Tripoli, March 29: Despite official government statements that the situation in Sebha is now calm, breaches of the truce there claimed . . .[restrict]the lives of another eight people on Thursday according to local hospital officials. The death toll is now put at 79.
A local doctor quoted by AFP, Abdel Rahman Arish, said that “the situation is very bad. At least eight bodies were brought to the hospital over the past three hours”.
Four days of fighting has pitted black Tebu Africans, who mainly live south of Sebha as well as across the border in Chad and Niger, against local Arab tribesmen backed by government forces. In Sebha itself, most Tebus live in the Hajarah district and it is reported that much of today’s clashes occurred there
Meanwhile, a Libyan army field commander in Sebha, Abdullah Ahmad Senussi, has claimed that many of the Tebu fighters are Chadians and cannot speak Arabic. There is no independent verification of this. During the clashes in Kufra last month between Tebus and the Arab Zway tribe, there were similar claims that the Tebus were being supported by fighters from Chad and Sudan’s restive Darfur province. Again there was no independent confirmation.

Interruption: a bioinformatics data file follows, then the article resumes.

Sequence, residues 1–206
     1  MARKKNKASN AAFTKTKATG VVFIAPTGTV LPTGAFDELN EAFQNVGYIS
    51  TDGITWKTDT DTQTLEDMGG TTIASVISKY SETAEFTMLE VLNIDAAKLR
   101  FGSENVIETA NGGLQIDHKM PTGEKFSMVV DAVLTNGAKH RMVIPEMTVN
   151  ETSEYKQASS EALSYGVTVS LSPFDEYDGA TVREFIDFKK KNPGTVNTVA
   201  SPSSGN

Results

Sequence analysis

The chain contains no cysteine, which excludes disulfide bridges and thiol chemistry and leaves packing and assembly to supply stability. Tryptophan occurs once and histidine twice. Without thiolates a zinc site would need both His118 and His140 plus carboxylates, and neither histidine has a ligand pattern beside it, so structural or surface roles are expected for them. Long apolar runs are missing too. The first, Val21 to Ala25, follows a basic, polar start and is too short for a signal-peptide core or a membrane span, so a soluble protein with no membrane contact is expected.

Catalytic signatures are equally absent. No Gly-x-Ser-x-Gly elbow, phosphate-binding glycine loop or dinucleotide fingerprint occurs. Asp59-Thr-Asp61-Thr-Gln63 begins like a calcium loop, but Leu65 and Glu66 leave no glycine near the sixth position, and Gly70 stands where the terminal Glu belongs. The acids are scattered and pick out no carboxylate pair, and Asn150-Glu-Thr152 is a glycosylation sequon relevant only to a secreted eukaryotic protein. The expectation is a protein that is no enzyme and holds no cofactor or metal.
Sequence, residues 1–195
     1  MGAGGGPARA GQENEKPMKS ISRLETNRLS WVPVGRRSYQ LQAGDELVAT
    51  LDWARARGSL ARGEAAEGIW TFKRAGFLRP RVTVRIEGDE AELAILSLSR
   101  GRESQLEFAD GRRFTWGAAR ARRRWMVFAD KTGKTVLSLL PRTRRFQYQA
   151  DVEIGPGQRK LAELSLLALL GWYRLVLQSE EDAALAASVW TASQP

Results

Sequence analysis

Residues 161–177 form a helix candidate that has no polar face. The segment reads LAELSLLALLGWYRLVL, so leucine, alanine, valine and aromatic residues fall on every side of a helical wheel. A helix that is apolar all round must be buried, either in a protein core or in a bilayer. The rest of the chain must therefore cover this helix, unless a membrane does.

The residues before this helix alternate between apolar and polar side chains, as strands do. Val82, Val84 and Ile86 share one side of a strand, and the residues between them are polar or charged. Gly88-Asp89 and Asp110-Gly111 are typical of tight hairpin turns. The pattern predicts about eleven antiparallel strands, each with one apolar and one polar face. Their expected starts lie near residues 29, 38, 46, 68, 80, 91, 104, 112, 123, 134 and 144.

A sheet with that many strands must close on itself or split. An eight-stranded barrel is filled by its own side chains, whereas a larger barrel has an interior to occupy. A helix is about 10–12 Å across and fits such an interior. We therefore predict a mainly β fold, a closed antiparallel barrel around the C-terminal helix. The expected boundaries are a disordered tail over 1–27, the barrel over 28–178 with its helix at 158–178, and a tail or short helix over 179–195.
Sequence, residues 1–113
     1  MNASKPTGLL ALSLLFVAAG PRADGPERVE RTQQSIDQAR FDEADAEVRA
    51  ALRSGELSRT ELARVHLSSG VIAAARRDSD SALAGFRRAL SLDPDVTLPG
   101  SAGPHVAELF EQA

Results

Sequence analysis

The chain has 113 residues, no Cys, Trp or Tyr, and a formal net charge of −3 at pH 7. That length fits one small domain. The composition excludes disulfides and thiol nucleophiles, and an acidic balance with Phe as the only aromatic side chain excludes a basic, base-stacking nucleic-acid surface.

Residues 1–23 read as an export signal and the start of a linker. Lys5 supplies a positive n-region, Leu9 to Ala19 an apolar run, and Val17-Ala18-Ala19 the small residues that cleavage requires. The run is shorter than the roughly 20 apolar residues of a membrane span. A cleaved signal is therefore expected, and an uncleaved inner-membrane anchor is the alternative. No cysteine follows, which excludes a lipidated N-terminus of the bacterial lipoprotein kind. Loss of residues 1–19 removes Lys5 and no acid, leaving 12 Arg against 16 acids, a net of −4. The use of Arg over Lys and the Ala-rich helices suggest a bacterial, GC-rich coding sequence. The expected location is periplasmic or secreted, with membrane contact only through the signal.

The fighting in Sebha has become a matter of concern for the EU which has called for “for restraint from all involved in the conflict”.
The office of Catherine Ashton, the EU’s Foreign Affairs High Representative, put out a statement on Thursday saying that “the EU is concerned about reports of fighting in Sebha, the capital of the Fezzan region in the south-west of Libya, which has reportedly led to numerous casualties over the past days.”
It said that it urged the Libyan government “to redouble its efforts to make the parties lay down their weapons and to ensure that the wounded can be attended to, and calls for calm be restored to Sebha as soon as possible.”
The EU said it underlined “its support for all efforts aimed at national reconciliation and for the process of democratic transition in Libya.”